There is a pregnant silence that fills the air as you enter Church Street in Fort St George. Even the leaves stop rustling. The spire of the church emerges from a canopy of green, pointing upwards to the blue sky.
The silence marks a sharp contrast from the political environment around Fort St George. Almost every monument here wears a new identity. Loud posters and louder cops take over the scene, reminding you that this is the nerve centre of Chennai. There is a politician grinning at you from every wall as you walk past the parking lot, gazing at the erstwhile King’s Barracks and Parade Ground to enter a small street lost amidst the clutter.
The church stands apart in a corner, away from the montage of monuments. The door is open, letting a ray of sun linger around the dark corners. I am now in the oldest surviving monument of the Raj in Fort St George – St. Mary’s Church. And even as I take in the moment, I learn another piece of trivia - it is the most ancient Anglican Church in all of Asia.
I kneel for a moment and lose myself in the many memorials, tombs and statues gazing at me from every corner. The silence overwhelms me. It is late afternoon and I watch the play of light and shadows on the walls. The church is a record of the life and death of past governors, soldiers, merchants, officials and locals who had made Chennai, nay Fort St George, their home. These are men, women and children who had come from distant shores and are remembered today only on slabs of stone. One man, however, made history here – Sir Robert Clive.
Ask for the marriage register at the Fort Museum and you can see the signatures of Robert Clive and his bride Margaret who were married here on February 18, 1753. Clive’s bungalow, called Admiralty House, lies around Fort St George and now houses the Archaelogical Survey of India.
The church has witnessed many a starry marriage of those times. The earliest record is of Elihu Yale, Governor of Fort St George, in 1680 with Catherine Himmers. Yale, who donated the altar plate, is better known as the founder of Yale University rather than as the Governor of Madras in the 17th century. Here stands a statue of General Conway, known as the soldier’s friend, as he was known to improve conditions in the army. But my eyes wander to the altar where you can see the painting of the Last Supper. It is a replica of the original Raphael creation, which now adorns the Vatican.
Some believe that the painting came from Pondicherry while a few historians say that it was probably commissioned by the Nawab of Arcot to artist George Wilson.
The church is a repository of several priceless valuables, donated either by a well-known British official or a member of the Indian royalty of the period. The foundation stone of the church is said to have been laid in 1678 under the orders of the then Agent, Streynsham Master, and it took over a couple of years to be built. Designed by Chief Gunner William Nixon, although some historians say it was Edward Foule, the church came to be known as The Westminster Abbey of the East. I am told that its bombproof roof was about five feet in thickness, built to withstand gunfire from sea and land.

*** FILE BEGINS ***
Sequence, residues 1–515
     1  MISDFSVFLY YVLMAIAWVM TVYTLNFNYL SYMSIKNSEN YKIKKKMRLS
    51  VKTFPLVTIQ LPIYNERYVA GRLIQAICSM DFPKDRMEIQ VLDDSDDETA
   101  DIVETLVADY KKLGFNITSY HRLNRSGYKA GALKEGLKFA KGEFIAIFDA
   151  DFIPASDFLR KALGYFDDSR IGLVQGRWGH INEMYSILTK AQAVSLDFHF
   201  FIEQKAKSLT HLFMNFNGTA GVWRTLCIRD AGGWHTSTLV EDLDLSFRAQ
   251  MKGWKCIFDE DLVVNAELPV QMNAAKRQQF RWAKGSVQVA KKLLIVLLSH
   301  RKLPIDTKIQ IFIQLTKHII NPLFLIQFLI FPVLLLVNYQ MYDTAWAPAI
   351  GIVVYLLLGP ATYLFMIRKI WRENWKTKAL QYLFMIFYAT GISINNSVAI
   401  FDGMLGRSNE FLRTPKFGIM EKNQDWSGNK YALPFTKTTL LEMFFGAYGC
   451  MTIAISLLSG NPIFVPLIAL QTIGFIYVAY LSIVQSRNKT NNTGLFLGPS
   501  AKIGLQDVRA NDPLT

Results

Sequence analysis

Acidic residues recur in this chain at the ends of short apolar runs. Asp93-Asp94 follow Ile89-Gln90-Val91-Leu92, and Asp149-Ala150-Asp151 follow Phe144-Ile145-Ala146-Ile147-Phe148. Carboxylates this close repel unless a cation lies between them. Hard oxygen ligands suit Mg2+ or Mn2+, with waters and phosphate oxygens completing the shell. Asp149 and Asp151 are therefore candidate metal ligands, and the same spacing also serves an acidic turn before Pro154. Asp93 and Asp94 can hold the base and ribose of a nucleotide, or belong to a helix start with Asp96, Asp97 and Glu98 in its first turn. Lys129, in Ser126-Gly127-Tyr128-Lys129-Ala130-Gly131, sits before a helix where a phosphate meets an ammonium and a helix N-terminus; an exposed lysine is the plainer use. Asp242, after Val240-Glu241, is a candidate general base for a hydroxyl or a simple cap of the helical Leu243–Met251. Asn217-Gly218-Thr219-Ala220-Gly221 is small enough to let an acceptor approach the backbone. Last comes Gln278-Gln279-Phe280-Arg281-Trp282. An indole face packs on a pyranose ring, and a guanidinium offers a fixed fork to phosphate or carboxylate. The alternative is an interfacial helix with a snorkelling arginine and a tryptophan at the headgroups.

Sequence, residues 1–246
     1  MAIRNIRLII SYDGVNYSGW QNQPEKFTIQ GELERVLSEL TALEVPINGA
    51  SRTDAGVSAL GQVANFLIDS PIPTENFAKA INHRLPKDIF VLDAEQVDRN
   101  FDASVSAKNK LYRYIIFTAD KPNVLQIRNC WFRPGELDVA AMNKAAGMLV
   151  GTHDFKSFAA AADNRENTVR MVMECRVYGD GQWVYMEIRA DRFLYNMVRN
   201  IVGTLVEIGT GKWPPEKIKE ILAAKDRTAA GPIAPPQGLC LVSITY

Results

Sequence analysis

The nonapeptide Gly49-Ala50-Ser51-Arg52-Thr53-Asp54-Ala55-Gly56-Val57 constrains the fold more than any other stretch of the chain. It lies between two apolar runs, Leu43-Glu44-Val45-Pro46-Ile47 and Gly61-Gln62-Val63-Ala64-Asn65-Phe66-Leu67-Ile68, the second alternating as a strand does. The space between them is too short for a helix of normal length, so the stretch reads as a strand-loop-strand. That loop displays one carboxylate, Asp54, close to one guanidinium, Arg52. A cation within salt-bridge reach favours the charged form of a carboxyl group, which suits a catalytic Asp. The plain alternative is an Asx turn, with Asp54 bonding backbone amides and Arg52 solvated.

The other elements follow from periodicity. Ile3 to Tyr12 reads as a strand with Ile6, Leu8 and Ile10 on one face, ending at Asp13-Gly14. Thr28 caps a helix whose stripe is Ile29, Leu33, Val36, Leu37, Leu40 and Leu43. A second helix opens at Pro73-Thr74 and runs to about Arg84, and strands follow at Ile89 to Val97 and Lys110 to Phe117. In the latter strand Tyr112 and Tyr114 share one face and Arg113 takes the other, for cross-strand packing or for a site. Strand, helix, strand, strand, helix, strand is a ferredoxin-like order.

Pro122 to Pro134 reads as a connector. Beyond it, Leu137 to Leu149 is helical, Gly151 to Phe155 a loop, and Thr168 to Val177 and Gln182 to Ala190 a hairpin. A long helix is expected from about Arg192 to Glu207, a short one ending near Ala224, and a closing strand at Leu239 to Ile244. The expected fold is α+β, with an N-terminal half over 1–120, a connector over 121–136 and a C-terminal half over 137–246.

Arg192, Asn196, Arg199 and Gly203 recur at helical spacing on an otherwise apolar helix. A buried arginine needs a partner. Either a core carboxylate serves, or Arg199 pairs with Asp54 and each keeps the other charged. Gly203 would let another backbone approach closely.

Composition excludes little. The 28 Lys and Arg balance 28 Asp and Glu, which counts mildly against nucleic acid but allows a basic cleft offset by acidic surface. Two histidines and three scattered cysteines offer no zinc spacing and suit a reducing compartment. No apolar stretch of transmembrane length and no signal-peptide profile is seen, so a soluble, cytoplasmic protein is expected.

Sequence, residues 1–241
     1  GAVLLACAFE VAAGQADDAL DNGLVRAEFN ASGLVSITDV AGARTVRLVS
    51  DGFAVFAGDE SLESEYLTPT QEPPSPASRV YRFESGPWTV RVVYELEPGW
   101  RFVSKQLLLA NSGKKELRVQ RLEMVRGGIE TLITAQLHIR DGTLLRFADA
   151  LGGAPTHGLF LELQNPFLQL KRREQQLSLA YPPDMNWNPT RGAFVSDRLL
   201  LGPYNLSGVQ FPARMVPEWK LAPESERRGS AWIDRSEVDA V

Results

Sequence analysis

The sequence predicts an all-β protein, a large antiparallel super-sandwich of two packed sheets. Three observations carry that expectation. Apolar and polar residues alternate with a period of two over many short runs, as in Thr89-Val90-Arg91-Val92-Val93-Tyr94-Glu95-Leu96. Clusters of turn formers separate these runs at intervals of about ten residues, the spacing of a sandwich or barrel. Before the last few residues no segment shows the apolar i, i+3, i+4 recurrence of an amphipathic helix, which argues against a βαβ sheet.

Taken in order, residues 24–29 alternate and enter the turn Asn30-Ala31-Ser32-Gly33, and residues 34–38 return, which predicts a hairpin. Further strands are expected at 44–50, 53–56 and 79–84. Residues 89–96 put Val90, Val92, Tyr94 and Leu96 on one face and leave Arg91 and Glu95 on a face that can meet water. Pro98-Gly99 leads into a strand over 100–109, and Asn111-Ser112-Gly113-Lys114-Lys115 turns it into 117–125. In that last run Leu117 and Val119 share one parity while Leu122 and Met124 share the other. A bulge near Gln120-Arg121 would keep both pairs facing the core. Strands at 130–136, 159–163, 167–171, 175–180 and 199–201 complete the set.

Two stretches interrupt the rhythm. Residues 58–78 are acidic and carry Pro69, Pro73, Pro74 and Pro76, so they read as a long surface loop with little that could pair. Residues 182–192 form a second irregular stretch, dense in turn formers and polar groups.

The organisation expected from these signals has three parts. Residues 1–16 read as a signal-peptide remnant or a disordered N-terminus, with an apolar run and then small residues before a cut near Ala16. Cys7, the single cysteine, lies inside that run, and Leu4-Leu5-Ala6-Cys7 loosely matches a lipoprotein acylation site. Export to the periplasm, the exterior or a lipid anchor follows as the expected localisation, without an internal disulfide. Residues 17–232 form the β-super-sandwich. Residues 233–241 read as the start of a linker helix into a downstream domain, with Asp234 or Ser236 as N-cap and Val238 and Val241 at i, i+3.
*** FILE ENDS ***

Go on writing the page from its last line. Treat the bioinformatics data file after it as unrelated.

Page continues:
Stories and legends pour in from every wall and stone of the church. As you put them together, it takes you back three hundred years, when the settlement grew into just another colony of the Europeans.
One of the most interesting aspects of the church is the Font, which is in black granite (called Charnokite, after Job Charnock who founded Calcutta). It is believed that Charnock’s three daughters, born to him of an Indian wife, were baptized here. The story on the slab says that Charnock had carried by force a Hindu widow who was forced to immolate herself on the funeral pyre of her husband. She apparently lived with him for the rest of her life.
I step out of the past and walk along the tree-lined avenue, lost in my thoughts, only to be interrupted by loud horns from old Ambassador cars. The pillars, facades, arches and several other architectural features of the sprawling bungalows lend a colonial flavour. Amid the melee, you see old cannons placed strategically in the compound, and you cannot miss the bright red incongruous board - Gloucester Street. At every corner of the fort are names of streets reminiscent of the Raj. Identities clash and old merges with new to offer a mixed sense of history.